(By the way, she’s exhibiting Klingon fatalism when she says there’s nothing they can do.)
When she does finally consider something other than killing the Klingons, her idea is to make them sleep longer if they’re still asleep and kill them if they’re not.
She never thinks of integrating them into society just as she would never think of integrating her Klingon half into who she perceives herself to be.
Between Worlds 2: Klingon raised among humans
In Worf we see a person who is the product of two cultures and grew up to love the culture that made him different.
Growing up he didn’t have a part of himself to blame and deny to blend in, which is what K’Ehleyr did. So he learned all about the culture that made him different, which became the foundation of his identity.
We’ve seen in the past that he cares about and has idealized the good parts of the Klingon culture, especially as they pertain to honor. And it’s the kind of love a recent convert has for something new.
That’s why he acted stereotypically Klingon. You know with all that fatalism and stuff.
But one has to suspect that he sometimes wished he wasn’t different.
When he joined the crew of the Enterprise, he learned that he doesn’t have to be the same, and he learned things don’t have to be the way he always expected. He is less fatalistic because he learned on the Enterprise there are always choices. He learned not to get stuck in a moment. He learned to always try to be better.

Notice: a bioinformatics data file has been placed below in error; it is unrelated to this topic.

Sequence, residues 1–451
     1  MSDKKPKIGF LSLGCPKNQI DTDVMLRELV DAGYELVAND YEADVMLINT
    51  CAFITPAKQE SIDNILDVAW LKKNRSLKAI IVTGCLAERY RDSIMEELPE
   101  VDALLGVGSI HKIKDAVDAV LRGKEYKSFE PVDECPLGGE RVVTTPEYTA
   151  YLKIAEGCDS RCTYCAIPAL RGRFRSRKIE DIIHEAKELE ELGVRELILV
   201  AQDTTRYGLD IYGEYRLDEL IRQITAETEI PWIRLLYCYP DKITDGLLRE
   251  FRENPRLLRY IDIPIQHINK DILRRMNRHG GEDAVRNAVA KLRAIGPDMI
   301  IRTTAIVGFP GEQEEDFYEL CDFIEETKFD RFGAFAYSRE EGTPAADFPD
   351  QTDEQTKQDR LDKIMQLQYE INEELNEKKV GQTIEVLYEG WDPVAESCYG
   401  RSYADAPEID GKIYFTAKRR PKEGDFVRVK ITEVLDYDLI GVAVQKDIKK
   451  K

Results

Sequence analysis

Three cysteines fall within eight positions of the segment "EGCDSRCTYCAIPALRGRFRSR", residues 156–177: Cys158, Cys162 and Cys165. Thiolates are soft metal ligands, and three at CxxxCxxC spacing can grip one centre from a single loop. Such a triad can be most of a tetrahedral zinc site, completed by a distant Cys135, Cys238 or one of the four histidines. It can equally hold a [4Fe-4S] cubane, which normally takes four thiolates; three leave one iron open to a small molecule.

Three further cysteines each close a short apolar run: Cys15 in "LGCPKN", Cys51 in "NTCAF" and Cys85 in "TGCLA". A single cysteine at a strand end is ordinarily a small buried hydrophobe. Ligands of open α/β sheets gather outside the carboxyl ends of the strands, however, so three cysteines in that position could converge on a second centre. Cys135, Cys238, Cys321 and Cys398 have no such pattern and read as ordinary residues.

I mean, why else would they play poker?
What Attracts Them about Each Other?
I’ll attribute her attraction to him to a subconscious desire to end her self-hatred, accept all of what she is, and incorporate it into who she is.
I’ll attribute his attraction to her to a subconscious desire be more human. To love not only his racial heritage, but also the culture that he grew up in.
Sex at Last (or what happens when the two finally move towards each other?)
Once they have sex, she is forced to ask herself how Klingon she wants to be, and he is forced to ask himself how human he wants to be. Klingon culture requires they get married (which makes me wonder about the Klingon women flirting with Riker in A Matter of Honor).